New Chicory Review
New Chicory Review is a magazine of poetry and art by Baltimore residents, and is accepting submissions of poetry, short stories, essays, and art from Baltimore City teens and young adults starting March 2022.
New Chicory Review
Chicory, a literary magazine originally launched in 1966, is coming back to the Pratt as New Chicory Review. Coordinated by staff of the Earl Teen Center, the magazine's mission is to give Baltimore's youth voice through art, poetry, short stories, and photography.
New Chicory Review Submissions
Submissions will be accepted from Baltimore City teens and young adults ages 11–21, from March 1, 2022 through July 1, 2022. The first issue will be published in September 2022.
Original works of art, poetry, prose, short stories, and essays of no more than 300 words can be submitted on printed paper or by email.
How to Submit
Submissions open March 1, 2022, and can be sent on printed paper to the Teen Center, Central Library, 400 Cathedral Street, or by email to email@example.com. You may also drop submissions off at your nearest library branch, in an envelope with "Attn: Central Library, Teen Center" on the front.
You must include the following info:
Your name (if you wish your entry to remain anonymous, write "Anonymous" next to your name, and we won't publish your real name)
Email and/or phone number
Address (or neighborhood you live in)
We will not publish any personally identifying information other than the author’s name and age. Entries will not be edited. Submissions must not include slanderous language, hate speech, swear words, or racist remarks. We will accept or reject submissions based on the allotted space, readability, and the above required information.
History of Chicory
Baltimore is a city with a rich and layered literary lineage, and one of those incredible pieces of history happened right here at the Pratt Library. Chicory was launched in 1966 by local poet Sam Cornish, and grown out of a program set up by the Library in conjunction with Community Action Neighborhood Centers.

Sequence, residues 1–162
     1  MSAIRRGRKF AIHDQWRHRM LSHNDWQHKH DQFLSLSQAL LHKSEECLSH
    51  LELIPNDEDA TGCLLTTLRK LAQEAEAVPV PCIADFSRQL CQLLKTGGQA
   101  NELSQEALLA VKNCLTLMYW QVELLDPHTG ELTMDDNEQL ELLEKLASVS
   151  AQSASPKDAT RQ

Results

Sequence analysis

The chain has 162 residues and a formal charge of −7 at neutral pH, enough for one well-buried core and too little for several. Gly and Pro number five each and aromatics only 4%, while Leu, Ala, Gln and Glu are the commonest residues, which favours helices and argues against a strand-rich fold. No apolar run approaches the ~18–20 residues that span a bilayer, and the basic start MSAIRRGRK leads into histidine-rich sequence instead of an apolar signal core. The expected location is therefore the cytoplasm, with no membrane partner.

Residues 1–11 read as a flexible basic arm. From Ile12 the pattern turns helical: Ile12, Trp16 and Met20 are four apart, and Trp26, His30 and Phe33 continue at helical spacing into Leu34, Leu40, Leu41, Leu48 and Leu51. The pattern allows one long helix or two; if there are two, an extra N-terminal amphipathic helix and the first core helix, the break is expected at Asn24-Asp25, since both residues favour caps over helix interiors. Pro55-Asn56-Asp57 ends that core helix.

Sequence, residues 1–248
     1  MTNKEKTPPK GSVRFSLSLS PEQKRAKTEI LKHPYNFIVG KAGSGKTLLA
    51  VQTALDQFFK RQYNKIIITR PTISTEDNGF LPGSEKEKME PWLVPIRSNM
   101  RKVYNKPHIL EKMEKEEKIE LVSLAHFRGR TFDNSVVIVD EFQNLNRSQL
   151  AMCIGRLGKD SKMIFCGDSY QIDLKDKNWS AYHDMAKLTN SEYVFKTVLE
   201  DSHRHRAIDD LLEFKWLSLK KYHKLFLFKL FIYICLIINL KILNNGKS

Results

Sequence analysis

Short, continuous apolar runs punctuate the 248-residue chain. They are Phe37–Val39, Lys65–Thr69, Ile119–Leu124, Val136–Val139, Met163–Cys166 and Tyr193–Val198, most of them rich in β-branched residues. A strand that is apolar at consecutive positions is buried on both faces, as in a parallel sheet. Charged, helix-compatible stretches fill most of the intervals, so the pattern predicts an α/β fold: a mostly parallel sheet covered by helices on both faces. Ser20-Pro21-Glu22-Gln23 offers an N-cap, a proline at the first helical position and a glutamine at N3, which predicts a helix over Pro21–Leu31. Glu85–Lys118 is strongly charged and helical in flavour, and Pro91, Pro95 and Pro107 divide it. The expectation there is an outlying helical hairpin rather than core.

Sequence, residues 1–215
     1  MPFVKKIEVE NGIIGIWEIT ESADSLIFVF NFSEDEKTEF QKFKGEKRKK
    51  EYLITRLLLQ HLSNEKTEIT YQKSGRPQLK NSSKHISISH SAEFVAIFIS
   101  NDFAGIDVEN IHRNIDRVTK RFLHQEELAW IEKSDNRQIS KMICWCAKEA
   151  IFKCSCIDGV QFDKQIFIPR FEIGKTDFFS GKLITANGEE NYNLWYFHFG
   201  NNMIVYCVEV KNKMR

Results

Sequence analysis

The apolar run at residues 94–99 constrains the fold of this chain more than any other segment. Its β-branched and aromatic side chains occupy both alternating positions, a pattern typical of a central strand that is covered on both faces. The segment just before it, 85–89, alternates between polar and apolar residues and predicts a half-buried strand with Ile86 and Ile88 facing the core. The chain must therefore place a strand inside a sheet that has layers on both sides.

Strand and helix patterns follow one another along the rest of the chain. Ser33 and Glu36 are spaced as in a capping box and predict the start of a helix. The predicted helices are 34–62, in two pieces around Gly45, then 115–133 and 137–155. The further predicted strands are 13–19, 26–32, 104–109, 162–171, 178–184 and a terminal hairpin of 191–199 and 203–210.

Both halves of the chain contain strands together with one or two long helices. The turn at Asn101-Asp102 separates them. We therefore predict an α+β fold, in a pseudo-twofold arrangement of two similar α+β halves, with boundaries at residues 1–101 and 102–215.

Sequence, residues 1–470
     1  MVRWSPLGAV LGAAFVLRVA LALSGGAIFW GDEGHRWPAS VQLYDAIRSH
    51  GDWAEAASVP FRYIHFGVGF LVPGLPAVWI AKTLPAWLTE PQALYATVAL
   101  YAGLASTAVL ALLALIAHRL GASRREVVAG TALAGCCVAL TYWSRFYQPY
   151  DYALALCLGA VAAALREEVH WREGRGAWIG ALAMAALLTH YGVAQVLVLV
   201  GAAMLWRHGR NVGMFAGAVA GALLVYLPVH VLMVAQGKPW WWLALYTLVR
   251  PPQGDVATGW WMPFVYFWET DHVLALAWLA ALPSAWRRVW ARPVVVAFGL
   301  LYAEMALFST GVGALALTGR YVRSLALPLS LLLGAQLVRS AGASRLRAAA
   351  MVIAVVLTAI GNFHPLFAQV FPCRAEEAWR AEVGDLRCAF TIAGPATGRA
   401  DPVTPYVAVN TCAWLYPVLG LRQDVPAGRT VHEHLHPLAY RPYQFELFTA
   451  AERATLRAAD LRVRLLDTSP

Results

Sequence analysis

The literary magazine was published up to 10 times a year from 1966–1983. Submissions, which included poetry, prose, and art, were simply accepted or rejected from publishing, never edited. The goal of Chicory was “to publish work overheard by the editors which reflect the music and feeling of language in the inner city; to encourage more spoken and written comment by people in the community action area; and to inform other people within and without that area of a way of living.”
In 1969, Baltimore Afro-American newspaper described it as “the most authentic microphone of black people talking ever devised.” Chicory gave a voice to the voiceless, and the magazine subsequently expanded its readership by providing poetry workshops and readings, creating an artistic documentation of everything including Baltimore neighborhoods, politics, spirituality, and the arts, among others.
Today, readers can view all the issues of Chicory on Digital Maryland. Chicory was digitized in 2017 thanks to funding from Rutgers-Newark’s History Department with help from Associate Professor Mary Rizzo.
Above: examples of cover art and partial poems as printed in the original 1966–1983 version of Chicory.